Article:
Of course, Futurelib is at most a microcosm of a wider and far more important issue: what we should be calling this type of work in libraries. I have recently reflected that when you're actively building on the work of others, developing it, redefining it, exploring it from a new angle, that it is a bit like organizing a wedding. There are many stakeholders, each with an emotional investment, and compromise is the only happy possibility.

The convergence of UX, ethnography, and service/human-centered design in libraries benefits tremendously from generous and devoted voices that come from a variety of backgrounds and from whom we can all learn. But as someone coming to user experience from a career in libraries, I have chiefly advocated that librarians should place ‘user experience’ front and center in our terminology, even if this potentially de-emphasizes ethnography or service design despite the obvious and independent value they both offer. Why? Because I believe our effort is most fundamentally to uncover the real experience and behavior of our users and improve, or develop new, services in response to what we learn. We should focus on the user above all else not only in the work we do but also in the terminology we use.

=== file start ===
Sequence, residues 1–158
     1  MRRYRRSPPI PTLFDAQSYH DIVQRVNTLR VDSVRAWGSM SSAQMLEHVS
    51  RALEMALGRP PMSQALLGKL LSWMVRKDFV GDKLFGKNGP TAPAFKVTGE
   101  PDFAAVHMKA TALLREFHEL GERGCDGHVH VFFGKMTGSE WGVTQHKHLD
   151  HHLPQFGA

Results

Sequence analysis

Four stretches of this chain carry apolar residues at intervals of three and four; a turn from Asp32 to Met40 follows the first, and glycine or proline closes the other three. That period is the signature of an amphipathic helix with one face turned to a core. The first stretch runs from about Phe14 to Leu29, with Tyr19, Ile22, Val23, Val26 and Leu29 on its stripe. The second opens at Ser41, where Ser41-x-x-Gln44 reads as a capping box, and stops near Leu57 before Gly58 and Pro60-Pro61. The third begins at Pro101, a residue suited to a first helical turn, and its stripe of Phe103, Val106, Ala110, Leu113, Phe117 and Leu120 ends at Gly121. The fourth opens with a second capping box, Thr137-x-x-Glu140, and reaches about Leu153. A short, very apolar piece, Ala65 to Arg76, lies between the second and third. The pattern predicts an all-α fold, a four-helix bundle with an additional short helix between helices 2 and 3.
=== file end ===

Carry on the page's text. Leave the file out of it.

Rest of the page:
There is room for disagreement here. Donna Lanclos and Andrew Asher, both seasoned and trained anthropologists working in libraries, recently wrote a piece for this very journal in which they argued that much of the user experience research taking place in libraries was not really ethnography and was thereby missing out on the full value and benefits of the approach. They described current efforts as at best 'ethnographish.' My first instinct was to be offended, but it soon dawned on me that they were absolutely right. They had called it. The ethnography I have conducted and encouraged others to conduct in Cambridge, and through my freelancing all over the world, is not and could never be true ethnography. But neither have I (or many others) sought for it to be or described it as such. The goal of user experience work, as I see it, is not a purity of methods but a balancing of these methods with a practical effectiveness of outcomes. If ethnography and service design can be understood as poles on a spectrum, with methods on one side and outcomes on the other, then user experience would be my term for the spectrum itself.